I was sitting at the long conference table listening to a fascinating discussion. Actually, discussions, as the participants in the meeting seemed to be covering a lot of ground. As a consultant I have learned to hold my contributions until asked. Inevitably someone notices two things: 1) I am being paid to be there, and 2) I have not said anything. “So what do you think, Chris?” I know how I am going to respond to that question, no matter when I am asked, from the outset of the meeting:

“Well it depends. (Wait for it) What are the desired outcomes of the meeting?”

These eight words are magic. I have been asking this question for 25 years and still go to meetings that do not start with stated outcomes. Without stated outcomes it is impossible for me or anyone to discern the interesting from the significant; the engaging from the relevant.

There are approximately 25 million meetings per day in the U.S. Managers spend half their time in meetings. Executives report that upwards of 65 percent of meetings are failures. Fifteen percent of an organization’s collective time is spent in meetings, and the number has been going up every year since 2008. Perhaps you are sitting in one of these soul-sucking meetings as you read this post, wasting your precious and finite meetings in a cacophony of corporate babble.

So I am calling you to act. I am calling you to act to save your company money and enhance its performance. I am calling you to act to make meetings come alive and a place where you and your squad can make significant contributions and live large.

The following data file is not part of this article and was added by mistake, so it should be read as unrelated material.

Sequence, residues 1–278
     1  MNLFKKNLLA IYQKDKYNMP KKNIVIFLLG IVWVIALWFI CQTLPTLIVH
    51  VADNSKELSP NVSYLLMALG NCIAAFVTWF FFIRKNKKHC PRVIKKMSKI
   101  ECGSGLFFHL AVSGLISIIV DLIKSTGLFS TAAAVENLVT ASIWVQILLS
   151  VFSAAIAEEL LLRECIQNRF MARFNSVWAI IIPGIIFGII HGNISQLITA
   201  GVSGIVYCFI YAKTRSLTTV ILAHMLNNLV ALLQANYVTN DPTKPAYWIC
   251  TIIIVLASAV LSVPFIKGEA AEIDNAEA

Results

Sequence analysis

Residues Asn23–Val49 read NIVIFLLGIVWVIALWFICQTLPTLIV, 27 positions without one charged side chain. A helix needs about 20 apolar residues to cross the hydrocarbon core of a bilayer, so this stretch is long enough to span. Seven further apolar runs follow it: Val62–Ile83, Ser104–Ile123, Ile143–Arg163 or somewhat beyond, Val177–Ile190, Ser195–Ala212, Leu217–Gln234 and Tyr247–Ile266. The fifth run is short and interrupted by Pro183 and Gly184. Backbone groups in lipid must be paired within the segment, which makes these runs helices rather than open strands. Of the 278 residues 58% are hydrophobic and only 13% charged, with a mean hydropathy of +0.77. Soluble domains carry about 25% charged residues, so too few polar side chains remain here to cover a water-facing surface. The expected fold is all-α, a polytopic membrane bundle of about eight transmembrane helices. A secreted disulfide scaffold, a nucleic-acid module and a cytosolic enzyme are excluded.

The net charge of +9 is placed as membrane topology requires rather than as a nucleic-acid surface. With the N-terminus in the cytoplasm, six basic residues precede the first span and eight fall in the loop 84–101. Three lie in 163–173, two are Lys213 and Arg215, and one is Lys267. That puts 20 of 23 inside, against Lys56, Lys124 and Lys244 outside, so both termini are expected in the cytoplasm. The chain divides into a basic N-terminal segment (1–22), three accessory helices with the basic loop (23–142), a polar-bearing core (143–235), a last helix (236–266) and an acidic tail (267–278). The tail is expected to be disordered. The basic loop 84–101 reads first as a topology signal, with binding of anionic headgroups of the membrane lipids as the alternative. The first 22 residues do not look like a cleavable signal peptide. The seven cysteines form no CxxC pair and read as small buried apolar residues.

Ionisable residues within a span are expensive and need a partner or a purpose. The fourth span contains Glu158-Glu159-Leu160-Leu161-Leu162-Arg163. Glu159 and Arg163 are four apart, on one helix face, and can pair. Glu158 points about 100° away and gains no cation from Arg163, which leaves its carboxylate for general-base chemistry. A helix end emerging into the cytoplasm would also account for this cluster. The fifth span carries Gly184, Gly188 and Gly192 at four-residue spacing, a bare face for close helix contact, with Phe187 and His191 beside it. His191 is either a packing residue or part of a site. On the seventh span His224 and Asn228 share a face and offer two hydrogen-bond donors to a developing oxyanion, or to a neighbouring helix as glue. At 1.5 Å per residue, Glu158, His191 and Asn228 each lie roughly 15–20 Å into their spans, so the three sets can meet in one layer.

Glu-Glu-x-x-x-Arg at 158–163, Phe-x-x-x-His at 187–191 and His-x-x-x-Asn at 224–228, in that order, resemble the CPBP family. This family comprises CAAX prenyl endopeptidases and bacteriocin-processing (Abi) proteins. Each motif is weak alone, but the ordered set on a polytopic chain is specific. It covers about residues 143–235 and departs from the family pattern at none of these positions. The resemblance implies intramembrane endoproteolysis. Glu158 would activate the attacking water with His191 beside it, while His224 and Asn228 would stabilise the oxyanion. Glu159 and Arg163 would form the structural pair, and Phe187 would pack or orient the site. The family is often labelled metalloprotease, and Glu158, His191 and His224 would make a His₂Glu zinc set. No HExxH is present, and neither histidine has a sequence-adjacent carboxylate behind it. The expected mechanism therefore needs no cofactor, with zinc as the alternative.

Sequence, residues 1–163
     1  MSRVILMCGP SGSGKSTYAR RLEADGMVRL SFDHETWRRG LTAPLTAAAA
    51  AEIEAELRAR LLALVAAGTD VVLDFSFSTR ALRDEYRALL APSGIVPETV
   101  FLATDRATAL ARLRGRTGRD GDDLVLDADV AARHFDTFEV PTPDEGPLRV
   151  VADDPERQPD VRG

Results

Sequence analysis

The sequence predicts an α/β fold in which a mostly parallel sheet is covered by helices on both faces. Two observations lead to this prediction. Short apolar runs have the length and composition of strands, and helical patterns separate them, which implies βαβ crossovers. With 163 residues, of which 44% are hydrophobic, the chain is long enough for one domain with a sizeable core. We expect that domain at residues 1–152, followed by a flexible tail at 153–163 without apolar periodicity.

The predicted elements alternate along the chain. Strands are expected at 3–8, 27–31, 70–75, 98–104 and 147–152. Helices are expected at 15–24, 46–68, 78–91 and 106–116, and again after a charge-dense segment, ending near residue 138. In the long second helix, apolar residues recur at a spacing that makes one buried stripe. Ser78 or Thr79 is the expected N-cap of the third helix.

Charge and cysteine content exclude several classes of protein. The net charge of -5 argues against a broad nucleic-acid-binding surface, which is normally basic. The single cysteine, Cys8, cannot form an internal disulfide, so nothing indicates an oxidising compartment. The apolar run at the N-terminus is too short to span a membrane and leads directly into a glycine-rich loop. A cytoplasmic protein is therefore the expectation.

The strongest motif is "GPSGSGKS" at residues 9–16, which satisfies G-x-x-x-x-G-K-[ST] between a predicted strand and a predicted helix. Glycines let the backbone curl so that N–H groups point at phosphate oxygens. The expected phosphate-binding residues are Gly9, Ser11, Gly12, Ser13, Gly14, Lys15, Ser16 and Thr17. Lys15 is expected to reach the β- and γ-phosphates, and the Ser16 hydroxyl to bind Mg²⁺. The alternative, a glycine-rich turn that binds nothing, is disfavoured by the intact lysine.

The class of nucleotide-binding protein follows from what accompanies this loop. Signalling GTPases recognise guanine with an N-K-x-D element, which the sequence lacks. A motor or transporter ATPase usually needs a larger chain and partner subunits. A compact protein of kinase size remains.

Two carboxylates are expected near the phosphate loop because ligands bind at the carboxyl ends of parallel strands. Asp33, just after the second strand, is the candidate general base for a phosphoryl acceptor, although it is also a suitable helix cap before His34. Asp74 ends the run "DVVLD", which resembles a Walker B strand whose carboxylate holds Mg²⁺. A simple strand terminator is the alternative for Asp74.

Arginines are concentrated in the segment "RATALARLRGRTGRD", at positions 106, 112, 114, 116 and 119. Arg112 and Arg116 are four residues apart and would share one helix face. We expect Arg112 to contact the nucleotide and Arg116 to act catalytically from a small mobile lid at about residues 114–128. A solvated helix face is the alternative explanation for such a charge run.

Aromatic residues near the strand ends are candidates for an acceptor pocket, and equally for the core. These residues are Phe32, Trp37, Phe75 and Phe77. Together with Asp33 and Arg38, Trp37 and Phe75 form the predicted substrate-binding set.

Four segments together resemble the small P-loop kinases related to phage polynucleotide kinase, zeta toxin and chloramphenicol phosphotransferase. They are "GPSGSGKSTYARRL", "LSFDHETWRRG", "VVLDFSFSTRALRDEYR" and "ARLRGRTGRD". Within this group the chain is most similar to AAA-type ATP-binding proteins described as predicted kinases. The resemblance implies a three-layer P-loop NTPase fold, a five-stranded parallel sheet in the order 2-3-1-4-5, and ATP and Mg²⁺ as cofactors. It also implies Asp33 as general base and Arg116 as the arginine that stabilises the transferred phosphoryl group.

Refuse to attend any meeting that does not state its outcomes up front. No more meetings that start with agendas. Agendas are not outcomes. Outcomes are real things like agreements and decisions. The stated outcomes should be made clear in the invitation.

Refuse to attend any meeting where it has not been made clear to you why your personal involvement is essential. ‘Essential’ in this context means the outcomes would be at risk without your attendance. If the convener of the meeting cannot make this clear to you, stay away.

These two alone will free up a lot of your time. Commit to doing something insanely valuable during this freed-up time.

In the event that you are invited to a meeting where the outcomes have been stated up front and your participation is essential:

Always prepare ahead of time.

Have the meeting with yourself, and learn and do whatever you need to achieve the stated outcomes. Think of this as practicing the future. By doing this you will be one of the few, perhaps only, people ready to fully engage.

Ask yourself this one thing.

“Is what is happening here–is what is being said–really the most important thing for us to achieve the stated outcomes?” Whenever the answer is “no,” intervene. Do it in an affirming manner. “This is all interesting, but if we are serious about achieving these stated outcomes with the time we have left, this is where we need to be focused.” This line is also a money intervention: “How is all this relevant to the stated outcomes?” Ca-ching! And your boss will notice.

Become the master at convening peak performance meetings.

Be the person who gathers people together to produce real and significant outcomes of substance and consequence. Be the person who others are excited to see meeting invites from. Establish your reputation as the person who tees up the right outcomes, involves the right and essential people, and conducts the meeting in a manner that leverages everyone’s contribution and produces extraordinary outcomes.

All of this begins and ends with explicitly stated outcomes.



First published on http://Inc.com June 2017